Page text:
Anything you can do in a museum, VR can do better . . . discuss
July 05 2021
By Tim Deakin
Is Virtual Reality making the physical museum space obsolete?
In an article from 2016, CEO of Six to Start, Adrian Hon, penned an article for Medium titled: “VR will break museums.”
After a positive experience of VR with 2015’s Oculus Rift D2K headset, and a negative experience of a physical museum – based largely on the large crowds which made for long queues and difficulty getting up close and personal with many of the exhibits – Hon declared virtual reality to be an improvement on the “very imperfect reality” offered by museum spaces.
We are on the precipice of the “Netflix of Museums”, according to Hon, within which the act of visiting a museum will be largely replaced by streaming museum content at home, as has been the fate of the film industry and others in recent years.
Hon writes: “It may seem absurd to be worrying about the ‘Netflix of Museums’. Barely a million people even own high-end VR headsets today! But in the space of only two decades, we saw the internet effectively destroy the entire newspaper industry. It’s not hard to see VR museums going from a laughable curiosity to wiping out museum attendance numbers in the same time.”
And, of course, this was before the COVID-19 pandemic catapulted all forms of XR from niche accessory to high priority. For the past 18 months, cultural institutions around the world have been utilising AR, VR and mixed reality options as a way to maintain their relationship with their visitors, offering digital content that users can enjoy from the safety of their own homes.
So is Hon right? Are we looking at a future in which VR museums provide a better experience than the actual museum itself?
The problem with museums, and how VR can solve it
A common criticism of VR is that it can’t replace the joy of seeing an artefact or artwork in the flesh. After all, why settle for a virtual replica of the Mona Lisa when you have the opportunity to see the actual painting itself?
Well, the answer is that, more often than not, a trip to the Louvre doesn’t guarantee a good look at the masterpiece at all. The Mona Lisa is encased behind a thick layer of protective glass, a barrier, and an ever-present crowd of clamouring viewers. In many instances it is a challenge to get anywhere near the painting and, if you do, loitering for long periods to soak up the exquisite detail of arguably the world’s most famous artwork may well be frowned upon.
That’s why home experiences like the extended Mona Lisa: Behind the Glass VR exhibition have captured people’s imagination in recent months. This home version of the on-site VR experience gave Da Vinci fans the chance to see every tiny detail of the painting, and explore it to their heart’s content, without jostling against 20,000 other physical visitors in the Louvre.
Of course, this heightened virtual encounter also layered additional moving images, sound and interactive designs over the top of the core experience, transporting viewers through time and theme.
In these instances, it can be argued that VR has the upper hand over the traditional museum experience. So, why are you unlikely to find a museum’s senior digital professionals advocating XR over the traditional museum experience?
There’s nothing quite like the real thing
As we all know, visiting a museum is, and has always been, about so much more than a room with pictures and artefacts hanging from the walls. Far more goes into the creation of a museum experience to ensure that it entertains, informs and inspires – whether alone or as a group. No matter whether it is a day out with the kids or an enjoyable day spent meandering alone through a gallery alongside other visitors speaking in hushed tones, the value of a physical museum visit is as enticing as it has ever been – perhaps more so as we begin to gain our freedoms back after the enforced closures of the Coronavirus pandemic.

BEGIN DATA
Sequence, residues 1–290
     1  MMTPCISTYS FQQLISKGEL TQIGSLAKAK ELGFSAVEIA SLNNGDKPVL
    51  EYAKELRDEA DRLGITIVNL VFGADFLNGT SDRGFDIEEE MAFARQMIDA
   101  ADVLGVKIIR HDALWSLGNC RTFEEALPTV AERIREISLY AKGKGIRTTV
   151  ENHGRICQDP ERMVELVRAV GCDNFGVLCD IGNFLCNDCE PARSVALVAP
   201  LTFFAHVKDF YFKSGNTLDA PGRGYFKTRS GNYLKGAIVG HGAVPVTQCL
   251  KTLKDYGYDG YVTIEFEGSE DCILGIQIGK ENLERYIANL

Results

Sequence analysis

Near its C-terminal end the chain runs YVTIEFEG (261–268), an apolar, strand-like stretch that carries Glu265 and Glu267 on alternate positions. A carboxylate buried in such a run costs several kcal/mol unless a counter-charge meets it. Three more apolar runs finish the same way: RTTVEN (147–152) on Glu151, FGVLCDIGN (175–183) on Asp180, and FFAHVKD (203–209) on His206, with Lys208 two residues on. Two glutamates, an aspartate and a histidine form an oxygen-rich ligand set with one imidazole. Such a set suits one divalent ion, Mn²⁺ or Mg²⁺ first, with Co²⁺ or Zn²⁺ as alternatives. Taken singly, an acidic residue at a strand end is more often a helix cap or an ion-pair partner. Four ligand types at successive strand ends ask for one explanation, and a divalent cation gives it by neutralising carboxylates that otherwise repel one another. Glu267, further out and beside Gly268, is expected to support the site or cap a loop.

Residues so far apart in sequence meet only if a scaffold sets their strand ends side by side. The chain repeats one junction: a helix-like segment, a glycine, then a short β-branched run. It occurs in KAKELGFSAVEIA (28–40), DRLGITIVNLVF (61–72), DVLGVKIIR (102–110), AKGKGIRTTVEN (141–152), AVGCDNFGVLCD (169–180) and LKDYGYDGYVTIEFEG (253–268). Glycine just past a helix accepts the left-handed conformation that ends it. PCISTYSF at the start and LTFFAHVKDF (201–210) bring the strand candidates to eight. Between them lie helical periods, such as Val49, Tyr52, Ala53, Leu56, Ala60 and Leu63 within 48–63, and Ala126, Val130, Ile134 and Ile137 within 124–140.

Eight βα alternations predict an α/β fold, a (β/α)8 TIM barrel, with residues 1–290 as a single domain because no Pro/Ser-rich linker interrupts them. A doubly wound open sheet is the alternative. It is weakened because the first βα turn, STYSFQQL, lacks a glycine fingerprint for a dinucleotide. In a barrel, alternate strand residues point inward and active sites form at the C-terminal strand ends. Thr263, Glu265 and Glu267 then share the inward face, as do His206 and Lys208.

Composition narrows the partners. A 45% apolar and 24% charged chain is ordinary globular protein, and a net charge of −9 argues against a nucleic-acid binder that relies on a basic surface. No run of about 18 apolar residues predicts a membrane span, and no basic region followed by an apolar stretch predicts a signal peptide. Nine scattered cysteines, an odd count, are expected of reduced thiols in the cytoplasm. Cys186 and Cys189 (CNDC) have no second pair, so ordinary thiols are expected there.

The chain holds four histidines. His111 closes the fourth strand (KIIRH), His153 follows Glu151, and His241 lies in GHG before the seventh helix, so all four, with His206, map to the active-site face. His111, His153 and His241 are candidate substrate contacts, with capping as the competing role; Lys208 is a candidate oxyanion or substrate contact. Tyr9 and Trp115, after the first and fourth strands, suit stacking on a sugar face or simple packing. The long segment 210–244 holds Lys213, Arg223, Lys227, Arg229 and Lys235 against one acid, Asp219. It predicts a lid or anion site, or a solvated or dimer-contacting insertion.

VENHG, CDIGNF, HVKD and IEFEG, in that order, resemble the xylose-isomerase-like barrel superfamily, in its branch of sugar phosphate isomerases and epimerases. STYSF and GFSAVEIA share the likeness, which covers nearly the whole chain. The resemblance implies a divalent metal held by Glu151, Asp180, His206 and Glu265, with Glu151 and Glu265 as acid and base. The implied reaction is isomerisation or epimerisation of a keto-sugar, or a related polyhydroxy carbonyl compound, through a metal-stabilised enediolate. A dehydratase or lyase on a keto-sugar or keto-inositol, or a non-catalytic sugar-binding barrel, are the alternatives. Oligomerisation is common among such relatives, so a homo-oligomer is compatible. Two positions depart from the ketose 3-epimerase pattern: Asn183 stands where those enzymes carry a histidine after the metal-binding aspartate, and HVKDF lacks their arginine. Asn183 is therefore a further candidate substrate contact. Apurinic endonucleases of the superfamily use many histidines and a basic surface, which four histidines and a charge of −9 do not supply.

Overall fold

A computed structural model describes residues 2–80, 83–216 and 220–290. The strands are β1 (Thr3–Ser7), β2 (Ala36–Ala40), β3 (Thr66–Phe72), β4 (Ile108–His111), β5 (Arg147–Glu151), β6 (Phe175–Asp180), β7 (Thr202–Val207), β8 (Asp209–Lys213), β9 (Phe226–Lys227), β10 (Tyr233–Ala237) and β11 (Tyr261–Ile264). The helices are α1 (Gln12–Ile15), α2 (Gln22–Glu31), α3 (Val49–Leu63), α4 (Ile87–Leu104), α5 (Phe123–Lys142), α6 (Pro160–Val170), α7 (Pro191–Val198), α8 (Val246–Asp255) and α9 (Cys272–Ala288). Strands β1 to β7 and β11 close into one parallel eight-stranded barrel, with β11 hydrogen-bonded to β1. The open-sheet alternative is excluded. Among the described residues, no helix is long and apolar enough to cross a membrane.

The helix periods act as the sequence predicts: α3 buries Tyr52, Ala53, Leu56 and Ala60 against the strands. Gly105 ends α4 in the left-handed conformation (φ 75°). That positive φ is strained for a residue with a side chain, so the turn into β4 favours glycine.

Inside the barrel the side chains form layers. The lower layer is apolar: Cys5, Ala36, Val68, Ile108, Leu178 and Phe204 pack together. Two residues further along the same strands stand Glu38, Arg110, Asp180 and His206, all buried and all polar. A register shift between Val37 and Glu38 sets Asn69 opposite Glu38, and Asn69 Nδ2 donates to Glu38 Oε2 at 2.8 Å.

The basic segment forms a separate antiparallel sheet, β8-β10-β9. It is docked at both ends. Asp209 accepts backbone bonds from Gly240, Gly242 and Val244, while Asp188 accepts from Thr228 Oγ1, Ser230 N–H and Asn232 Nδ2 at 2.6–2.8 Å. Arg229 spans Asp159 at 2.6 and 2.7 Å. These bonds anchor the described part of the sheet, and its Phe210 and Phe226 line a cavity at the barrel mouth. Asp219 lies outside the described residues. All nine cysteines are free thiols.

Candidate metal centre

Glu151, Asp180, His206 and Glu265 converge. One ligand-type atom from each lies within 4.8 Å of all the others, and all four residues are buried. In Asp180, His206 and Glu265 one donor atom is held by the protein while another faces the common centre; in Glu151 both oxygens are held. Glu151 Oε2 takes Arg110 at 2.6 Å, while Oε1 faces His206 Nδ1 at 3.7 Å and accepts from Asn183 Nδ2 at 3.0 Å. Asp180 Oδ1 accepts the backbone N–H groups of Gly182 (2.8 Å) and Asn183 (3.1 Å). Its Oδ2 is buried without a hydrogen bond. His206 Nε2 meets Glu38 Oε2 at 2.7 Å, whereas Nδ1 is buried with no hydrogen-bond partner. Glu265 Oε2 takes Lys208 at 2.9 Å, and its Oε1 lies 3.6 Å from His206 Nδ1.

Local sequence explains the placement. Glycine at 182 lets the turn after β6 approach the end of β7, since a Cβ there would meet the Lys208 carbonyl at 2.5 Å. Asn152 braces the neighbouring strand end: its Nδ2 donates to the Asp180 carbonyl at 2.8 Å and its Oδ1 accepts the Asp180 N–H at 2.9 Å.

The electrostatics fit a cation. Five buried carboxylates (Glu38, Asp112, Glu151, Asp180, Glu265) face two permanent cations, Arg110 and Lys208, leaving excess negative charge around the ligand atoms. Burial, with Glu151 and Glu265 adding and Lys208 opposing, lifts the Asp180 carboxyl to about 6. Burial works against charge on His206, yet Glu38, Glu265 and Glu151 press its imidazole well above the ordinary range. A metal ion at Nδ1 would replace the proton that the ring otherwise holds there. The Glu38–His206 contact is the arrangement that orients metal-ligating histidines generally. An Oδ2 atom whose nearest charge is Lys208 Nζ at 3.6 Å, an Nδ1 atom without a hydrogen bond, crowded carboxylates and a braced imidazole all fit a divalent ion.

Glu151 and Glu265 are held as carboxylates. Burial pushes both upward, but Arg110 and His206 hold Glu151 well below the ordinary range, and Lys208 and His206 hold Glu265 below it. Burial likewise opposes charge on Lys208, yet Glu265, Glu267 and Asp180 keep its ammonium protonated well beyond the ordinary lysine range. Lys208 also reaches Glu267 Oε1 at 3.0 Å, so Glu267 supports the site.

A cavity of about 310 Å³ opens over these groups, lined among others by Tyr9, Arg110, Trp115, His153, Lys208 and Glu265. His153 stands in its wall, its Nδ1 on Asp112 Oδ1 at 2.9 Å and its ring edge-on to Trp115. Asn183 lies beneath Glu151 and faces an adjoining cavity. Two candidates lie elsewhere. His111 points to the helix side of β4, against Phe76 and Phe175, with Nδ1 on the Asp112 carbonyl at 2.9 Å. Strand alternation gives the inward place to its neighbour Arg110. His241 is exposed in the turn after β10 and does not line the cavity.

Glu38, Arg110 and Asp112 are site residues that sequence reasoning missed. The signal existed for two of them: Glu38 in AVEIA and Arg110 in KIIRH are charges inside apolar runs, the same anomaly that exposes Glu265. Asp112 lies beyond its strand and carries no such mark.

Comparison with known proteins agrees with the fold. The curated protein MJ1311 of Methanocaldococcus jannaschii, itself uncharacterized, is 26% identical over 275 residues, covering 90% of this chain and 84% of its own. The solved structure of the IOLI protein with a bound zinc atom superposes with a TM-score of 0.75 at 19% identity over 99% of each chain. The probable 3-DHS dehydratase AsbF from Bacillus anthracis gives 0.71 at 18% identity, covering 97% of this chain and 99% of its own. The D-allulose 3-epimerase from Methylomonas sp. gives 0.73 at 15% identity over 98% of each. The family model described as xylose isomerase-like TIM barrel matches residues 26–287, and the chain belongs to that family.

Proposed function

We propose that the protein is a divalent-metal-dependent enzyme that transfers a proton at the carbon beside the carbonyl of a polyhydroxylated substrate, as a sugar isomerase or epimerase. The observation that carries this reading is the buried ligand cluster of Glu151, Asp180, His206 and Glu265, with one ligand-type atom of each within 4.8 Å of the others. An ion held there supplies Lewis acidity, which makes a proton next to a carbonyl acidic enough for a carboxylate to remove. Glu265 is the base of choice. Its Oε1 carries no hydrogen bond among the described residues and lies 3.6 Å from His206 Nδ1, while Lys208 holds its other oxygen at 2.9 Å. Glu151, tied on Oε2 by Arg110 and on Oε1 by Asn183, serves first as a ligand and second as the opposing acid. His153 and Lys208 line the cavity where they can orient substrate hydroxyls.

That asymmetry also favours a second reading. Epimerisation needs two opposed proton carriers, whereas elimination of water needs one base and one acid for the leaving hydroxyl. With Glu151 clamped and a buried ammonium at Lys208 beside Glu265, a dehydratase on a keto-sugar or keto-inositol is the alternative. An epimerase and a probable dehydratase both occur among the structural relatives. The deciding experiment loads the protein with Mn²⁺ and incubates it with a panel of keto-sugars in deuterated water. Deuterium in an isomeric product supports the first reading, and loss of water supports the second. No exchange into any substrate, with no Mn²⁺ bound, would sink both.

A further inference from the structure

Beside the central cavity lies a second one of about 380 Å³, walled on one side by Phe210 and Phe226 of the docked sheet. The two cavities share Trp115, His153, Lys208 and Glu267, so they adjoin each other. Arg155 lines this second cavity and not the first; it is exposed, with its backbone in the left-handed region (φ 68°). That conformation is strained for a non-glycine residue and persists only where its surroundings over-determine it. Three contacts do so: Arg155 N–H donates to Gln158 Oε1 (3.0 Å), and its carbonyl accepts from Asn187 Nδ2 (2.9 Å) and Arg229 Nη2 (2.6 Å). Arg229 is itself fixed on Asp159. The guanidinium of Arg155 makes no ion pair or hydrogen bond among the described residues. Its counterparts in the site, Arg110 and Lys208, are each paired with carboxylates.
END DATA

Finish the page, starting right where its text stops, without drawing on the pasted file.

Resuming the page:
And anyway, who said that we should have to choose between the real world and the virtual world? As Chris Cloud, Director of Communications and Marketing at the Museum of Contemporary Art in San Diego said in a recent interview with MuseumNext, digital technologies have a crucial role to play in driving physical footfall.
“It’s not to say that digital experiences and online museum work will replace or reduce demand for IRL [In Real Life] visitors. When it’s safe to do so, I see a lot of folks wanting to gather in meatspace again . . . I believe it will be a lot easier to generate a sense of anticipation and make people want to visit in person if they feel a sense of belonging.”
That “belonging” can be generated at home or anywhere else with an internet connection but, importantly, all roads ultimately lead back to the museum itself.
Without the firm foundation of a museum, VR can focus too much on the gimmick and less on the actual objects and artworks on display. Even Hon admits that, when attending the virtual S518 Nazario submarine at the Galata Museo del Mare, he “didn’t really learn all that much from the visit, other than ‘submarines are small’”.
Lockdown taught us that VR is a useful and often necessary tool for museums, but it also taught us that people miss the experience of visiting a museum in-person. A survey by Tiqets asked respondents what they missed most in lockdown, and 50% said museums and attractions were top of their list.
Surely then a hybrid experience that gives visitors choice and flexibility is key. VR will be crucial to the development of this richer, more immersive future, in which people can both visit spaces in-person and delve deeper through digital means.
The use of VR in museums and gallery spaces is quickly becoming the norm, but what does this mean for the future of the cultural sector as a whole? We’ll be discussing this and more at the MuseumNext XR Summit taking place virtually this July. Make sure you don’t miss out.